Bianchi may finally get chance with Brewers
JUL 24, 2012 12:39p ET
But for the seven years before that, injuries threatened to keep him from ever making it in the sport he loves so much. It's a cruel coincidence that Bianchi clearly doesn't like to call attention to. Instead, in just his second week in the Brewers' clubhouse, Bianchi chooses to assure reporters how thankful he is to simply be where he is. He is as wide-eyed as any new player has been all season.
That's because Bianchi knows how tough the road can be to get to the majors, perhaps better than most. A second-round pick of the Royals in 2005, Bianchi was one of Kansas City's most touted prospects — at one time, he was the fifth-best in a talented Royals system, according to Baseball America.
Those were better days for Bianchi, who thrived for the Royals' rookie ball team in the Arizona League. In 2005-06, Bianchi hit .414 in 140 at-bats. But Bianchi was sidelined with a back injury in 2005. Then a torn labrum in 2006. The injuries would leak over into his 2007 season and clearly affect his game in 2007 and 2008, as his average hung around the .250 mark in Single-A ball.
Everything seemed to come together for the young shortstop in 2009, though, as a healthy season allowed him to begin his expected rise through Kansas City's farm system. Between Single-A and Double-A ball that season, Bianchi batted .308 with nine home runs and 70 RBI. The Royals could see the potential that made them draft Bianchi in the first place, four years before.
The progress he made in a healthy 2009, however, would deteriorate in spring training in 2010, as Bianchi couldn't ignore the undeniable pain in his elbow. He needed Tommy John surgery, nixing his entire season before he even took the field for Double-A Northwest Arkansas. It all seemed like a cruel joke to a player who had never sat out more than a game or two before reaching the minor leagues.
Soon, the Royals had given up on their infield prospect. Unsure if his injuries would continue to affect him, the Cubs claimed the 25-year-old off waivers last December. But he lasted only a month with Chicago.
Without much depth at shortstop in the organization, the Brewers appeared to be the perfect destination for Bianchi. He didn't show much in spring training — hitting just 1-for-12 — but his production at Double-A Huntsville and Triple-A Nashville — batting over .300 — begged a specific question: Was Bianchi ready to fulfill his massive potential?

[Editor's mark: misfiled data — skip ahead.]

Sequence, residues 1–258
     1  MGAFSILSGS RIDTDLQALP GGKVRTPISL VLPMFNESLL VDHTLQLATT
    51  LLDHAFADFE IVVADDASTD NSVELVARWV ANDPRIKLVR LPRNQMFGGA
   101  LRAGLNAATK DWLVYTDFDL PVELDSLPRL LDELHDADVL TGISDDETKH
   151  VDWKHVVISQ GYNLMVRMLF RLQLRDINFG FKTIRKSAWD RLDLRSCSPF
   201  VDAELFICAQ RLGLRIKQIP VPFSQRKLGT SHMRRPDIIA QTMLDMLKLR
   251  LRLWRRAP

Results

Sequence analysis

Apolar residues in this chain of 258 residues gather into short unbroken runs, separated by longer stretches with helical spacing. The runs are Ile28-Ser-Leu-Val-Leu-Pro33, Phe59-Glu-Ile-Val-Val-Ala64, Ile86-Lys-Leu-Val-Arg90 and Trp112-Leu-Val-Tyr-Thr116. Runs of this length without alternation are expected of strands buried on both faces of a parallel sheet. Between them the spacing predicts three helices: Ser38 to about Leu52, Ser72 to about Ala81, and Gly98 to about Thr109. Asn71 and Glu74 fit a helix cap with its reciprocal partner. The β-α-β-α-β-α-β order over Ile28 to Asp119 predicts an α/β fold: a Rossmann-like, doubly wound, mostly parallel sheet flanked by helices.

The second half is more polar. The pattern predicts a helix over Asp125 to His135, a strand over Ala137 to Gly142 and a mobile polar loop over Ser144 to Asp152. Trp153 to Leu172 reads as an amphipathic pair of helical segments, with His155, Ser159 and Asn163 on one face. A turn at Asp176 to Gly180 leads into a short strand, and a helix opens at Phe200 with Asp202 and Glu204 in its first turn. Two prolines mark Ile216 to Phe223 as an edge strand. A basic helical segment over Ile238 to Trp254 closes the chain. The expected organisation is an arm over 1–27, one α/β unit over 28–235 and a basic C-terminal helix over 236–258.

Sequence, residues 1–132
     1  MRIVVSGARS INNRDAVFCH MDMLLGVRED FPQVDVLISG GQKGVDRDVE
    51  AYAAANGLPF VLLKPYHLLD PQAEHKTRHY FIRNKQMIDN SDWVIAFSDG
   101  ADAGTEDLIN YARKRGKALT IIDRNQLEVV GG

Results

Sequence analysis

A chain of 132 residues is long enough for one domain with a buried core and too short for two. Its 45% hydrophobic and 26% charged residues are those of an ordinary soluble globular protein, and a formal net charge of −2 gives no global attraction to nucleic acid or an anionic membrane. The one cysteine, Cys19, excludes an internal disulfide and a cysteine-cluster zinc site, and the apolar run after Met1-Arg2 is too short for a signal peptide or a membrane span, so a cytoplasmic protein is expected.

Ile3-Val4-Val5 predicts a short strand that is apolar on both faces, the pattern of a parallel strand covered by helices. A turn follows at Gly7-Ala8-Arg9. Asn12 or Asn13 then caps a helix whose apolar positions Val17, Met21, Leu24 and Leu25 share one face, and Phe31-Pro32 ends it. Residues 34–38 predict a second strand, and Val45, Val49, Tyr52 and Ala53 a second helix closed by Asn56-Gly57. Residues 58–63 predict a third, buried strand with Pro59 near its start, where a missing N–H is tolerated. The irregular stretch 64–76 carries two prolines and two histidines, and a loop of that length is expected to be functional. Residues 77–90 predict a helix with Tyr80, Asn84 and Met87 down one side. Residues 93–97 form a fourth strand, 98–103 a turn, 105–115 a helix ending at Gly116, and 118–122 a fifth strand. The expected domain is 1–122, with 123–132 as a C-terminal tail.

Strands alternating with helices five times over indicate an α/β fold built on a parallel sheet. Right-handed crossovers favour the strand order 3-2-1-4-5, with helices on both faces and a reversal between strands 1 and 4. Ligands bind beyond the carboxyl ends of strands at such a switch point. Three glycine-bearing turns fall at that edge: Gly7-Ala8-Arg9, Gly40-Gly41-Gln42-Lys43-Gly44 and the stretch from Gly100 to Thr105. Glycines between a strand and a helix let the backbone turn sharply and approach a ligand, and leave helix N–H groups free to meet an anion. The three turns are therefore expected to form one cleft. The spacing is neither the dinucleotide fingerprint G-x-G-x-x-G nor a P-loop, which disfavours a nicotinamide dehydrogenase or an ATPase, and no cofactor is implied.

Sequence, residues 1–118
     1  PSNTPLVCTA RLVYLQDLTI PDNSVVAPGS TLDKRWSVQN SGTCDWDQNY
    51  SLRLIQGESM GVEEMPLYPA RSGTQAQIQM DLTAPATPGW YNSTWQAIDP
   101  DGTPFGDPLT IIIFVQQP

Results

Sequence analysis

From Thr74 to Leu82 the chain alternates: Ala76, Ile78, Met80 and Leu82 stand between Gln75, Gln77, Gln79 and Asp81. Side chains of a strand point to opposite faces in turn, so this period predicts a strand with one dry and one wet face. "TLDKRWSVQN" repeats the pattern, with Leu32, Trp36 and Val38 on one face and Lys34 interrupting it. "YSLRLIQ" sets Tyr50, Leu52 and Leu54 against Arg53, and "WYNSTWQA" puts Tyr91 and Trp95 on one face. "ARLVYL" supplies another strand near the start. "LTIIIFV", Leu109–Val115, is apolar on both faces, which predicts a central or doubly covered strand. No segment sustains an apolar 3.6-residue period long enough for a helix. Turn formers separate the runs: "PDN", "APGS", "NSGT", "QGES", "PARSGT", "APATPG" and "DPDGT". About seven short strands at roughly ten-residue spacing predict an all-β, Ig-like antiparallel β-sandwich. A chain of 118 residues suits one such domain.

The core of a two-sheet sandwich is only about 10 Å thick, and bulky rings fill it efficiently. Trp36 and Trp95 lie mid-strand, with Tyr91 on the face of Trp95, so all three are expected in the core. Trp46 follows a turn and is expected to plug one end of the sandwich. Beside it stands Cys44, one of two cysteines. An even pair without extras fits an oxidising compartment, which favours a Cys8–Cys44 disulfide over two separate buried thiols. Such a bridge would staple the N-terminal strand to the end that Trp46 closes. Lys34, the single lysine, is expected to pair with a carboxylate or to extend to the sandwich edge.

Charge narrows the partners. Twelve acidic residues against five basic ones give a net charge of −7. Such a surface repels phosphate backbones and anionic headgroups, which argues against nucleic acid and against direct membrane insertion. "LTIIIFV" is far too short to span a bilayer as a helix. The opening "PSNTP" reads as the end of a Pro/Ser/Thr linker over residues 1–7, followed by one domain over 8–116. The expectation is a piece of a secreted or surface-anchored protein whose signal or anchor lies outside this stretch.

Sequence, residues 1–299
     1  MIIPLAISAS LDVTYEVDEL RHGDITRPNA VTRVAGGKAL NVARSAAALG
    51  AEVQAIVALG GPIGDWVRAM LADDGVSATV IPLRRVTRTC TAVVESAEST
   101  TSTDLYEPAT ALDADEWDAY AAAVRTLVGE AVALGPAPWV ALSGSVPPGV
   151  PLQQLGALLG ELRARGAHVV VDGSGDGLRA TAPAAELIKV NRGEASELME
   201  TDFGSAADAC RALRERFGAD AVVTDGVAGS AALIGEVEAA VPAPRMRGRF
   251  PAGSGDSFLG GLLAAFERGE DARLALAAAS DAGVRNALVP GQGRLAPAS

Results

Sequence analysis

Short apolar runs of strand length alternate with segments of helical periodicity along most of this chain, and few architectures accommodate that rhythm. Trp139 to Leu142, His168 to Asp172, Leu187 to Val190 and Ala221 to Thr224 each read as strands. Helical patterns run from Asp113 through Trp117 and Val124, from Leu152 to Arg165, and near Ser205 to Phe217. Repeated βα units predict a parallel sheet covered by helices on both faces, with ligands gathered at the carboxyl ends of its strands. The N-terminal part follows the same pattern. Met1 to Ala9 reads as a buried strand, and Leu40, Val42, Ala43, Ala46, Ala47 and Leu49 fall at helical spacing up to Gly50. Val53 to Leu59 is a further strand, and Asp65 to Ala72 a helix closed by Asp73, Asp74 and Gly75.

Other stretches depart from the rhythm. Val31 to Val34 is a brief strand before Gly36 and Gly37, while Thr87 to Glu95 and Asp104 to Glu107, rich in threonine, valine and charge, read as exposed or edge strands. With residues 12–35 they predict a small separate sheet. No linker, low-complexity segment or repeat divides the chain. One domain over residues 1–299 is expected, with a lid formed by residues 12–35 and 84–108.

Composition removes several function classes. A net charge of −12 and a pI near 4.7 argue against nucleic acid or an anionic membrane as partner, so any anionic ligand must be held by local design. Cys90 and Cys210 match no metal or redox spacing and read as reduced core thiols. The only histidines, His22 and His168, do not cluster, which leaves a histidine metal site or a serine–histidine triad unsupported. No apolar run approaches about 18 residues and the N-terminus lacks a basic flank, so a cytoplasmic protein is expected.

At the beginning of July, Bianchi finally was able to walk up to his locker in the Milwaukee clubhouse and looked up at the nameplate above it, soaking it all in. He had finally made it.
"To overcome those injuries," Bianchi said, "it just makes me more thankful to be here, someplace I wasn't sure I would ever make it to."
Brewers manager Ron Roenicke knows why Bianchi is in Milwaukee. He's heard the good things — and the bad — about the Brewer's newest shortstop. But on a team desperate for potential, Bianchi could provide a spark. It's an addition Roenicke believes is worth the risk.
"This is a guy that everybody in the minor leagues likes," Roenicke said. We've had some of our people from the front office go down and see him and everybody likes this guy. We need to see what he can do. It's not anything against Cody Ransom or ( Cesar Izturis), but this is a guy that maybe can play some here for us. If he's as good defensively as they say and if he can do all the little things offensively that they tell me, then he should have a chance to play."
Bianchi has yet to get a hit in 11 plate appearances, but there's no frustration in his face. He's just happy to be here.
Asked about his injury history, it's clear Bianchi has tried his best to move on from the topic. But he does acknowledge that he wouldn't be who he is now if he hadn't faced so many struggles.
"It's hard to say I'm happy I went through them, but I am," Bianchi said. "I grew a lot from that time being away. It made me appreciate the game that much more. And it just makes it even more special to be here."
Bianchi will fight with journeymen Cody Ransom and Cesar Izturis for playing time the rest of the season, as Gonzalez's early-May injury left a significant hole in the Brewers' lineup. The opportunities haven't been frequent so far, but neither Ransom nor Izturis has proven he deserves to be an everyday replacement and that leaves an opening for a high-potential player such as Bianchi to take advantage.
Still, after becoming the fifth different Brewer to play shortstop this season, he brushes off questions of taking advantage of the opportunity. For now, he's just concerned about filling his role. He knows how fickle baseball can be, how an opportunity can be there one day and gone the next. He smiles when he's asked if he feels like he's fulfilling his life-long dream.
"This is my eighth season, so it's been somewhat of a long road to get here," Bianchi said. "But it only makes it all that much sweeter, knowing I overcame these injuries. I've very thankful to be here. This road has been blessed for me to get here."
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